However, the offering plan filed with New York State for the Trump SoHo, averred that there were “no prior felony convictions of Sponsor,” referring to Bayrock and another developer involved in the project known as the Sapir Organization. At this time, Sater had an ownership stake in Bayrock, according to correspondence obtained by Forbes.
In October 2009, 11 years after his indictment, Sater finally faced sentencing for his financial crime in a closed Brooklyn courtroom. He addressed the judge.
“Yes, I am guilty of the things that I have done,” he said. “The worst thing that could happen, your honor, despite whatever sentence you impose on me… I went into real estate development and I built a very successful real estate company… a Trump project. I built the whole thing. Years ago, they wrote an article in the newspaper, ‘Executive With Ties to Donald Trump Has Criminal Past.’ The next month, I had to leave my company, the company I had built with my own hands.”
He spoke of his parents and his sincerity was somewhat undercut by those who knew of his father’s conviction for years of racketeering.
“I hated myself, despised myself for doing the things that I was doing while I was doing them, because my parents did not sacrifice what they sacrificed to have me come to this country and become a criminal,” he said.
Sater was ordered to pay a $25,000 fine rather than the $40 million in restitution he might have been required to pay and to serve no jail time rather than as many as 20 years.
In 2013, Sater’s connection to Trump, who was still two years shy of running for national office, caused the mogul one of his many moments of pique with a member of the international press. Trump stormed out of a BBC Panorama interview when asked by John Sweeney, “Shouldn’t you have said, Felix Sater, you’re connected with the Mafia and you’re fired.” Trump replied by suggesting Sweeney might be “thick” and that he could not break a contract with Bayrock even if Sater’s mob ties were established to his satisfaction.
Sater’s tenure at Bayrock wasn’t just confined to leveraging the Trump brand. He was accused of threatening gruesome acts of violence against erstwhile business associates who were in a position to disclose his shady history. In 2007, the manager of one Trump hotel-condo in Phoenix, Arizona, sued Sater after he allegedly threatened to get a cousin to electrocute the manager’s testicles, dismember him and leave him “dead in the trunk of his car.” Sater reportedly settled that case out of court, but denied the charges. The manager was apparently satisfied with the settlement, for he has since said he wished Sater, “the best of luck.”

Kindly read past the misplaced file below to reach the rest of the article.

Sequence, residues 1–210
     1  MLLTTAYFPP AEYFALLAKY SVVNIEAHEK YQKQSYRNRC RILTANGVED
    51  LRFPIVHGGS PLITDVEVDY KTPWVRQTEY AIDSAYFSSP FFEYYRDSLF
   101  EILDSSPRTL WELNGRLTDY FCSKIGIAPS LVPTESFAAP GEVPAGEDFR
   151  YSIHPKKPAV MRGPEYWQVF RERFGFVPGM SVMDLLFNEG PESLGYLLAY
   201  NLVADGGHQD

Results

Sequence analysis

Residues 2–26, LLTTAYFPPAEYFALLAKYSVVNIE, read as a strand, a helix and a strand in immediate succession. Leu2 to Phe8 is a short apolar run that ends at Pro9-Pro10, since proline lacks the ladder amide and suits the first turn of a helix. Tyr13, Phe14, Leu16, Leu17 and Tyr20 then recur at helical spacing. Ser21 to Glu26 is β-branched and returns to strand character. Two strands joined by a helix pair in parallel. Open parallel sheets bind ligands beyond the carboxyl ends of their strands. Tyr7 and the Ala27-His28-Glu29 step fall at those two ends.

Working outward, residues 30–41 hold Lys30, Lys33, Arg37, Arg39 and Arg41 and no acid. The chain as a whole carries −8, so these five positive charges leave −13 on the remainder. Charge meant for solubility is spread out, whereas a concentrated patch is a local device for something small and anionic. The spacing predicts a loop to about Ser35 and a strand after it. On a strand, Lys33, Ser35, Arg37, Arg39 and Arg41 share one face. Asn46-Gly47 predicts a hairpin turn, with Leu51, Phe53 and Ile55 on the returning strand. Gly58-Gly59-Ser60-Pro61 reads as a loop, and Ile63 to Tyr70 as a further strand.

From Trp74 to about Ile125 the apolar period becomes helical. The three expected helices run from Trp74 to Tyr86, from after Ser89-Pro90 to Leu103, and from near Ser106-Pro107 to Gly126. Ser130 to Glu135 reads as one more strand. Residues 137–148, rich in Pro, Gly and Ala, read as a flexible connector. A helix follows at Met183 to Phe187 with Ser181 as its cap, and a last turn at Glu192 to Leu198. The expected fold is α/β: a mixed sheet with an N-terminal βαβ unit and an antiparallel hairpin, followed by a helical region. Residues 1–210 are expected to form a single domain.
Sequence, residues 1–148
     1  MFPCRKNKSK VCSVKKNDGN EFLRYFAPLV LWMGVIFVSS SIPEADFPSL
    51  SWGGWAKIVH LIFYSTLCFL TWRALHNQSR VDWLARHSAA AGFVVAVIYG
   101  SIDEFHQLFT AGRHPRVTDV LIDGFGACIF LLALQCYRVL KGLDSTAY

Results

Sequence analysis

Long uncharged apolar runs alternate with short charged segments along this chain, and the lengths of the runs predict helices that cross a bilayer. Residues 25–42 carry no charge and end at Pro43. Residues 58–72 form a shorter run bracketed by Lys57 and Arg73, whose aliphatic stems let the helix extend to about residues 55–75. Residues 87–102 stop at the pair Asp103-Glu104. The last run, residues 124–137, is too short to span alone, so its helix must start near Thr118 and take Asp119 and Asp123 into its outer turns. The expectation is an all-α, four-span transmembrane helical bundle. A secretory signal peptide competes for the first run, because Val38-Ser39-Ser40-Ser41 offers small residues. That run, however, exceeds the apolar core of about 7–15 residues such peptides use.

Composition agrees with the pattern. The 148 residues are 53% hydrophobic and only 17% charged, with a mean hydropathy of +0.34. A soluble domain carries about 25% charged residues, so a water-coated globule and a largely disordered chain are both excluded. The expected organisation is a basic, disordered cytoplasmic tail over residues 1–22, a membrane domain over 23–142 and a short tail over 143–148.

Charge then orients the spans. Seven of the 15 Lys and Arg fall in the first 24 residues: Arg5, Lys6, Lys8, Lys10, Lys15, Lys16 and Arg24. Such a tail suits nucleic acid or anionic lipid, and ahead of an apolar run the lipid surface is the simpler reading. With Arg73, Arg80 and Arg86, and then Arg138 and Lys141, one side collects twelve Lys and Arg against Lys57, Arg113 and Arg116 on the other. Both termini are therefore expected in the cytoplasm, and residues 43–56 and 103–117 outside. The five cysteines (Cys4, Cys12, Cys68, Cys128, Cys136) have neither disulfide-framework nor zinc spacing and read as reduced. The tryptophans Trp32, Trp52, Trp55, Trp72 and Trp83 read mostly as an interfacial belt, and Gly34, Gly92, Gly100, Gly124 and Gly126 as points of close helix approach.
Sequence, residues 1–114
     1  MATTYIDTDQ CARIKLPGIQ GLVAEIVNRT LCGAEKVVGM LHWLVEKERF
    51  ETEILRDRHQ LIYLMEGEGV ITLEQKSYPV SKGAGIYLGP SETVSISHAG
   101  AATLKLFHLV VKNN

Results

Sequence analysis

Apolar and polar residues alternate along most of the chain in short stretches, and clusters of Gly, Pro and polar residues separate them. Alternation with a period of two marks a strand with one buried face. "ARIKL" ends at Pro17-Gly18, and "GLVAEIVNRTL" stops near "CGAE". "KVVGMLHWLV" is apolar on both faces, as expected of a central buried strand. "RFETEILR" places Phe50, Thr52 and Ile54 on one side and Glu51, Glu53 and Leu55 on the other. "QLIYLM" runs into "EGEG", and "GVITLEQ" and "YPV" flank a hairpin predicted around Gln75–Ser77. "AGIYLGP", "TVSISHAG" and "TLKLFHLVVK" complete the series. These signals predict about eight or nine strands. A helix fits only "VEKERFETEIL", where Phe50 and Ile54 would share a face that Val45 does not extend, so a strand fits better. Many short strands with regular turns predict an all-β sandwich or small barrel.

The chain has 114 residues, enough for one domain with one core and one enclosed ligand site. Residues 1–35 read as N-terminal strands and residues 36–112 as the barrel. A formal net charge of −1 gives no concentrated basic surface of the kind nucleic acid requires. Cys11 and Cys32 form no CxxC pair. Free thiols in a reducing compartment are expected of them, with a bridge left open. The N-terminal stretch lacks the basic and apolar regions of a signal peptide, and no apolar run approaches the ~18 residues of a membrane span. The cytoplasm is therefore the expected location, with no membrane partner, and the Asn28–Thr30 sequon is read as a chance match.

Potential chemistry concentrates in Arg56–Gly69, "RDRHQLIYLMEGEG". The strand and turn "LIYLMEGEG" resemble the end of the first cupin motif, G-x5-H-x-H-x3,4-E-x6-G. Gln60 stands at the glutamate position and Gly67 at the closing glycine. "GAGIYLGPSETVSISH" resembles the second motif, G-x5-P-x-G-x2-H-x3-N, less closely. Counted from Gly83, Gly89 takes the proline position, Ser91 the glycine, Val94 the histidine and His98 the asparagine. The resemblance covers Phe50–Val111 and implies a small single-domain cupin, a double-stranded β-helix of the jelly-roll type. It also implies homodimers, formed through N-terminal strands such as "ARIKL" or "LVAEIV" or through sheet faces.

By 2010, Sater was out at Bayrock—but in at the Trump Organization. He reportedly brandished a business card naming him as a “Senior Advisor to Donald Trump.” He also had a valid email address at the organization, a phone number that had previously belonged to one of Trump’s general counsels, and his own office in Trump Tower on Fifth Avenue.
Sater’s role as an employee of the Trump Organization also came to light when he was accused of shaking down one of his former colleagues at Bayrock.
Jody Kriss, the former finance director of Bayrock, alleged that he was entitled to a share of the $227 million profits in the Trump SoHo project. As reported by The Daily Beast in August 2016, Kriss claimed, in a court case filed in Delaware, that he was owed $7 million for his work on the project but offered a settlement of only half a million dollars. His principal antagonist in recouping his investment, he said, was Felix Sater.
In sworn testimony, Kriss stated that his money had become entangled with an Icelandic financial company known as FL Group, which seemed to draw Russian investors “in favor” with Vladimir Putin. (Bayrock founder Tevfik Arif was also part of this deal.) According to Kriss:
“Felix Satter [sic] told me that the deal with FL prohibited me from getting the rest in that I could either take the money and shut up or risk being killed if I made trouble. I knew at that time Satter had served a prison sentence for first degree assault (stabbing someone in the face with a wine glass stem) and with learning what would soon become common knowledge, that Satter had had a decades-long involvement with the New York and Russian mafia and had just in 2007 been sued in a civil action in Phoenix.”
The Delaware case ultimately was dismissed because of jurisdiction; but the judge stated on the record that the case could have otherwise proceeded. Sater’s defense team has denied the allegations.
In a separate and still-pending suit to which Kriss is a plaintiff, this one filed in New York’s Southern District, he has alleged that “tax evasion and money-laundering are the core of Bayrock’s business model.”
The defendants have argued that the suit amounts to a shakedown, but the judge has ruled that Kriss has enough of a case to warrant moving forward.
As for Sater, he had coffee the other day with the president's personal lawyer and discussed a peace plan for Ukraine. He was apparently not among the immigrants Trump had in mind when he spoke to a gathering of CEOs on Thursday about his deportation efforts.
“We’re getting really bad dudes out of this country at a rate no one has seen before,” Trump said.